outcooled: volume 3: SSCP


What can $100 do these days?

It could obtain me about 33 1/3 average-priced single lattes. It could pay my phone bill- if I didn’t roam for more than 45 seconds. It could buy a few records, or a lot of crappy candy. [Circus Peanut, anyone?]

From where I’m sitting, $100 can’t seem to do much at all anymore. And if you’ve been paying any attention to the economists the past year-and-change, you may agree. But such inflation-influenced-intuition may be  askew. In fact, we’re downright wrong. Why? I’ll tell you. But only if you can keep a secret.

The Secret Society for Creative Philanthropy (SSCP for short) started in 2006. Headquartered in the Bay area of San Francisco, the premise is simple: Average Joes & Josephines are invited to use $100 to improve the lives of others in an innovative way. Examples of creative philanthropy include:

  • Giving strangers umbrellas on a rainy day
  • Changing it to 400 quarters and scattering it about an elementary school playground for children to find during recess
  • Making care packages to send to college students on foreign missions trips
  • Buying a round for a bar full of people
  • Investing $100 for your great grandchildren to give away in 100 years (They would be giving away over $2 million.)

Besides San Fran, the Society has clans of crafty do-gooders dispersed throughout chapters in New York and my former home-away-from-home, Athens (Georgia, not Greece: I always have to say that).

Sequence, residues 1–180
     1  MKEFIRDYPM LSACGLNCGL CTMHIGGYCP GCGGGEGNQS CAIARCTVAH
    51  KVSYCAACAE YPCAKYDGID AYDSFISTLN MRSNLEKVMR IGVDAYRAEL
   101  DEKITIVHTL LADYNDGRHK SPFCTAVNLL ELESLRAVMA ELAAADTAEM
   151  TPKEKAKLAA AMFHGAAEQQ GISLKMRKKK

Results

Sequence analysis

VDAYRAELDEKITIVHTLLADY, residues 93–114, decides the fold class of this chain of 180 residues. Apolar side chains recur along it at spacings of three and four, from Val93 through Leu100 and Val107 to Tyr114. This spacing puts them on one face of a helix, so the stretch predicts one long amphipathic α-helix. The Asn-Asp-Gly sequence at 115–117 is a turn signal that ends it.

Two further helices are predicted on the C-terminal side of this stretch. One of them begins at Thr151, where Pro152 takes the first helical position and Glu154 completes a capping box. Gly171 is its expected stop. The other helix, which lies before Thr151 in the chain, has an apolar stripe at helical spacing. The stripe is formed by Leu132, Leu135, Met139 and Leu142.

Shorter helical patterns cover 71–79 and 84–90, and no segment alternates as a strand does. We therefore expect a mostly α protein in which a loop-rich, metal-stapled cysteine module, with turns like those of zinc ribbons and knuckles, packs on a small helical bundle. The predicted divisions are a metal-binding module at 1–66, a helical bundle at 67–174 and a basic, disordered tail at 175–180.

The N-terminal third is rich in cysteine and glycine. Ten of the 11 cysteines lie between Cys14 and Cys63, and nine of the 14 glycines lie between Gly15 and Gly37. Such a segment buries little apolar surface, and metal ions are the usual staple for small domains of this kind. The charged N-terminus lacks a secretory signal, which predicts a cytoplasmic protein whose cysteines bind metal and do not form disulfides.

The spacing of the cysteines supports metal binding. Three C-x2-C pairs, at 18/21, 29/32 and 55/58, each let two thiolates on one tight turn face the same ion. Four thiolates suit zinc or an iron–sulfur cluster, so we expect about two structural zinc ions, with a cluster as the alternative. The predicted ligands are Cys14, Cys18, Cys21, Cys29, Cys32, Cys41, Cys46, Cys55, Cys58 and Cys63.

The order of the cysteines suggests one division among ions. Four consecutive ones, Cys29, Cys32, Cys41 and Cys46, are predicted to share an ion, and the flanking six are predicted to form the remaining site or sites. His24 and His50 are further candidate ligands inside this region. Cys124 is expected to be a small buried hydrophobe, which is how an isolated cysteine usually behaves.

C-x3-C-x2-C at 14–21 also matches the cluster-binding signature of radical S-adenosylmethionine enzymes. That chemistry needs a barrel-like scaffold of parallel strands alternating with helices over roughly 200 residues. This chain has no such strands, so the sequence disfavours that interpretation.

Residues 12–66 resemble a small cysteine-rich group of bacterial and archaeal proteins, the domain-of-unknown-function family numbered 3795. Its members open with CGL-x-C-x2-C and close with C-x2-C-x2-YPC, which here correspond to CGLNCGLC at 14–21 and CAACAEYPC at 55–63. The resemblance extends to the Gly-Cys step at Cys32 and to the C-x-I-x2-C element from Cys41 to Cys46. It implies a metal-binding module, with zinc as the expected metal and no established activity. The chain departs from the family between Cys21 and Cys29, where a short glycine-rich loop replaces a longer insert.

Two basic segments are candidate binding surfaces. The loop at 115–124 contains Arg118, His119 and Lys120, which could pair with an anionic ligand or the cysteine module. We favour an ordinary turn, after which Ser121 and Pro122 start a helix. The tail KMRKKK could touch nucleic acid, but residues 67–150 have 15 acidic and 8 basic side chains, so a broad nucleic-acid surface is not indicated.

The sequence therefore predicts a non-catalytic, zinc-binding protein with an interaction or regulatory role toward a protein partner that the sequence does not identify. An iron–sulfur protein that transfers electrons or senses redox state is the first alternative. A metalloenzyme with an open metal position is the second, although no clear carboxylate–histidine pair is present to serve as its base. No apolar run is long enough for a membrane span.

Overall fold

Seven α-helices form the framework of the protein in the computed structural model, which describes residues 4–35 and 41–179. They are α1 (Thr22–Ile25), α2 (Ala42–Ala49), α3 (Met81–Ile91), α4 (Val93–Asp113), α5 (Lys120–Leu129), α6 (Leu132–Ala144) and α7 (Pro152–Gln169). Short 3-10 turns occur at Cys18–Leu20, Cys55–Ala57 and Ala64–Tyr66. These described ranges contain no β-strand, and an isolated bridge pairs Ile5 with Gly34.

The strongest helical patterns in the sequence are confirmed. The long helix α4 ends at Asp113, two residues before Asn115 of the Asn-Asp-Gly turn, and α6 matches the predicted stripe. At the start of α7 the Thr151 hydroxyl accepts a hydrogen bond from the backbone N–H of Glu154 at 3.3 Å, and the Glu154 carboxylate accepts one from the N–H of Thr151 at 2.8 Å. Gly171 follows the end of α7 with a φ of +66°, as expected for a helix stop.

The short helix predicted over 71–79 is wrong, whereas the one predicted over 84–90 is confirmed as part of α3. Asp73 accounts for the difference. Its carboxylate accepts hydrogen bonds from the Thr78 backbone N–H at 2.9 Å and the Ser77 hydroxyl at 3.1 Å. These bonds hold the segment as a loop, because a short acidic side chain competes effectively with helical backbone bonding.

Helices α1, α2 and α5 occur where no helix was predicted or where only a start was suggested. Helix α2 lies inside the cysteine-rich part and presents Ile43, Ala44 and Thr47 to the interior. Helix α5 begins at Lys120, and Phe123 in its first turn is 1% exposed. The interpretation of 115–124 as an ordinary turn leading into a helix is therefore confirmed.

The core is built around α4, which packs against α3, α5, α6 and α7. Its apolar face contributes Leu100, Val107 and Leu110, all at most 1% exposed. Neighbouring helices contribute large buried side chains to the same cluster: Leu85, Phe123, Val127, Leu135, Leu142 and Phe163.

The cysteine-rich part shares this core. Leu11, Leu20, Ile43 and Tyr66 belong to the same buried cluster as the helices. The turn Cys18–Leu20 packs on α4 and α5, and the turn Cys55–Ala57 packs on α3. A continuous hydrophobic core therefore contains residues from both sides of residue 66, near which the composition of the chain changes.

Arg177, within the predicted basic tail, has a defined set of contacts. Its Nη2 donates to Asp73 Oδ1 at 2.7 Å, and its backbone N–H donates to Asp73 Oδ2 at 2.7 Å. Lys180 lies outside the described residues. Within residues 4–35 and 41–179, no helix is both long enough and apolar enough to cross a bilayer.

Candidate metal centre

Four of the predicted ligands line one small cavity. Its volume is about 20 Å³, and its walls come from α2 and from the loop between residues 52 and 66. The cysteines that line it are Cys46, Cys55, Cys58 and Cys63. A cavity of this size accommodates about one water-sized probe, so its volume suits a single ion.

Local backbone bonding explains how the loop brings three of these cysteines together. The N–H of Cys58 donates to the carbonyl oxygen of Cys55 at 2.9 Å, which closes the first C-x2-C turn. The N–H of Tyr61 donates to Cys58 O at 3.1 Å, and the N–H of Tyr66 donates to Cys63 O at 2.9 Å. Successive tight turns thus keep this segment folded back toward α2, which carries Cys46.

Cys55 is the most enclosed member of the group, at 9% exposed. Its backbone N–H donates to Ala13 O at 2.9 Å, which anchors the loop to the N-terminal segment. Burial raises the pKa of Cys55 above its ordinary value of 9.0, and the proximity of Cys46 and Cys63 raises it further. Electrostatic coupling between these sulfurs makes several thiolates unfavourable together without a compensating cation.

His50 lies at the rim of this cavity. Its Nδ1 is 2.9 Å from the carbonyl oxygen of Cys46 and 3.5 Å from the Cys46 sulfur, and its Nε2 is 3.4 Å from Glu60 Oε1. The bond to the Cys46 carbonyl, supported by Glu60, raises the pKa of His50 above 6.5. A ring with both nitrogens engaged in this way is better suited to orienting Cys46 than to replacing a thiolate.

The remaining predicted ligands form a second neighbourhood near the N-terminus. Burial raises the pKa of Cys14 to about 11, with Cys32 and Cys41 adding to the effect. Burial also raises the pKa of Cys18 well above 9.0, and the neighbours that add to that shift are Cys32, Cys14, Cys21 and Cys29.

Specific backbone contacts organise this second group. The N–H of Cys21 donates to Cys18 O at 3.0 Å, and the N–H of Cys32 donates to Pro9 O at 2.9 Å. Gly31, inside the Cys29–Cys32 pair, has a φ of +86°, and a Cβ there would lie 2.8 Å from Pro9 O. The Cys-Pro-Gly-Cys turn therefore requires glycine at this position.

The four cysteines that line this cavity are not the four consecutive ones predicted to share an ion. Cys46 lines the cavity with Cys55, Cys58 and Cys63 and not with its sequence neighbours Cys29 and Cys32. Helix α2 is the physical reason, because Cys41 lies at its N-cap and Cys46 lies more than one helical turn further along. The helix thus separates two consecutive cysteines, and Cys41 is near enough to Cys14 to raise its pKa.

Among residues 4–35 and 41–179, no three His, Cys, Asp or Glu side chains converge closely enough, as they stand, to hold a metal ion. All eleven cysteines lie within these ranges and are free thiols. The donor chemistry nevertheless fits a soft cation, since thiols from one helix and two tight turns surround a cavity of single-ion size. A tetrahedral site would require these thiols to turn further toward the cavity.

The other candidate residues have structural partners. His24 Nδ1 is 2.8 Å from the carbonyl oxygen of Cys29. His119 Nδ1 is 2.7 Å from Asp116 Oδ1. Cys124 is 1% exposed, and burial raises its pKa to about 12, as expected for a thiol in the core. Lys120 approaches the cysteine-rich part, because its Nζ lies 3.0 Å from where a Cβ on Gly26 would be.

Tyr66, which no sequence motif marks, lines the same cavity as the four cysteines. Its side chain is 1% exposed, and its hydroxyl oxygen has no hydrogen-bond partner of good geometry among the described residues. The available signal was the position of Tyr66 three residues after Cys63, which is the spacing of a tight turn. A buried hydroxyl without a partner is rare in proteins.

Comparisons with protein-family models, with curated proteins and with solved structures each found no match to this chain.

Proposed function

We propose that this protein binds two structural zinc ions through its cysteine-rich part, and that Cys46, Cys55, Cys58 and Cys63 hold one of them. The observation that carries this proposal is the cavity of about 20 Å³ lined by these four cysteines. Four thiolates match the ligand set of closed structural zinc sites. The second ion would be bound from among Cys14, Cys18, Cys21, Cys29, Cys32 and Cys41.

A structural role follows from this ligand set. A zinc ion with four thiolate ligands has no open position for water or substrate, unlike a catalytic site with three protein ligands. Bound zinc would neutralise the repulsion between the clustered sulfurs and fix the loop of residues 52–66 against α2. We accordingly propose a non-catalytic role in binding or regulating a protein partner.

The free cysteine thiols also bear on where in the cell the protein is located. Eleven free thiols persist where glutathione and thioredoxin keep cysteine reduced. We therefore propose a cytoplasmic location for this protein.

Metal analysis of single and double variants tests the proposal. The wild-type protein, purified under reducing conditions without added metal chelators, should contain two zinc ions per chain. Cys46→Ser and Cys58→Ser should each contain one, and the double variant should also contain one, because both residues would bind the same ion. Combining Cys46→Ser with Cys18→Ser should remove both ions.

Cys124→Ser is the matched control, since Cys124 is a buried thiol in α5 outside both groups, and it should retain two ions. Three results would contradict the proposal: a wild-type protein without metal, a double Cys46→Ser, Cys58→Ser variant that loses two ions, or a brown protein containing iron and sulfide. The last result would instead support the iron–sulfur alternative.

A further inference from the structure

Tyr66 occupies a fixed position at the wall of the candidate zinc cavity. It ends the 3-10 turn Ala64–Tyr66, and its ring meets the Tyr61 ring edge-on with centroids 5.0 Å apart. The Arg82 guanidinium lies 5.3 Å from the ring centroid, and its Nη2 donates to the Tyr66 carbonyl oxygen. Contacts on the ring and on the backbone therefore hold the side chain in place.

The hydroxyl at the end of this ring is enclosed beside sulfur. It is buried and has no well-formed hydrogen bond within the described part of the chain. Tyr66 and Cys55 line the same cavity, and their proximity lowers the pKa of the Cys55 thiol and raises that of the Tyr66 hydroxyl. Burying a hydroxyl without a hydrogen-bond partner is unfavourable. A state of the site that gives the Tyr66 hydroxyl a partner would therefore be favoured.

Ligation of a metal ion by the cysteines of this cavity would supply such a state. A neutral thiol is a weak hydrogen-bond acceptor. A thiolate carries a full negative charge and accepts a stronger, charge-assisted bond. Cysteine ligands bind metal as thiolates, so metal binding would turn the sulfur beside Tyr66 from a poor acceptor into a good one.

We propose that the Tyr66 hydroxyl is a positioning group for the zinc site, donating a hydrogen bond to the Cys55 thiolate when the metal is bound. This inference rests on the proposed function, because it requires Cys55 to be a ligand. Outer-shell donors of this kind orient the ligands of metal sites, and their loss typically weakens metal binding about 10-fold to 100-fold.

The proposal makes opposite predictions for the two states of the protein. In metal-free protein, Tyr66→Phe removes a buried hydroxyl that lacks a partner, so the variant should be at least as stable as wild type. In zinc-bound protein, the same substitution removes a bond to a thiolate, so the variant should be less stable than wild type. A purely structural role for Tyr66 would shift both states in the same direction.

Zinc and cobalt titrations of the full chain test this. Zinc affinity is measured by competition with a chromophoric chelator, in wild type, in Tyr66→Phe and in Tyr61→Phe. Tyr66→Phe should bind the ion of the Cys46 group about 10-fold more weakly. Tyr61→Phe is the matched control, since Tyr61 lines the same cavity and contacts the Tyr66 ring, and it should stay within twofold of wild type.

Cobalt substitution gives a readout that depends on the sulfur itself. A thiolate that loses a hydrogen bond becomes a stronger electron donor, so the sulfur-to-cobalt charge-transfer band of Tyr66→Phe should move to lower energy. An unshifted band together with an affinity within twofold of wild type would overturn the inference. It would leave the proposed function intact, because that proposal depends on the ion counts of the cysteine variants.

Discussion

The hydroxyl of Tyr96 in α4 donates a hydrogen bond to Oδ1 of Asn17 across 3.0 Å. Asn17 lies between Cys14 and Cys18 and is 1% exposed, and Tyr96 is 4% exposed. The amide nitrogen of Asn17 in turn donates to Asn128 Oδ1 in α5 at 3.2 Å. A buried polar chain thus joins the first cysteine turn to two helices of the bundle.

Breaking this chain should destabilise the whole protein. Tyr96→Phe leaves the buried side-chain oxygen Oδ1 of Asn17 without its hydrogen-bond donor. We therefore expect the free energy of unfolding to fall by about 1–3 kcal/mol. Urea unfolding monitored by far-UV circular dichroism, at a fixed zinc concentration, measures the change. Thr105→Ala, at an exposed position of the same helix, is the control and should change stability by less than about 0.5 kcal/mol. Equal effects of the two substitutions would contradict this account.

Although they have received press and radio exposure more and more often recently, no one describes SSCP better than they do: “If you believe in magic and giving turns you on, this is for you”. To find out more, visit their site (linked in this post) and follow them on Twitter @sscpsuperagent.

Spring is here. Everything looks happy and green, except the average bank account. We all feel a little down on our luck these days. But what if we had a little more in our hands to give?  The Secret Society of Creative Philanthropy and its agents understand the beauty of giving. Giving, especially without expectation of receiving (or as a random act of kindness) is more liberating than a swim in Scrooge McDuck’s pool full of money. It is more delicious than a candy necklace. It is more fun than playing “Popcorn” on a trampoline- and considerably less hazardous.

I can’t give you $100. But I can give you a shot of inspiration. You don’t have to brighten someone’s life with Benjamins, you can do it with Grants, Georges, or even Abrahams, if you use the ole Noodle.

And to all the agents in the SSCP, a Secret High Five. Congratulations for Outcooling me. I would give you all umbrellas, if you weren’t so hidden away and wily.

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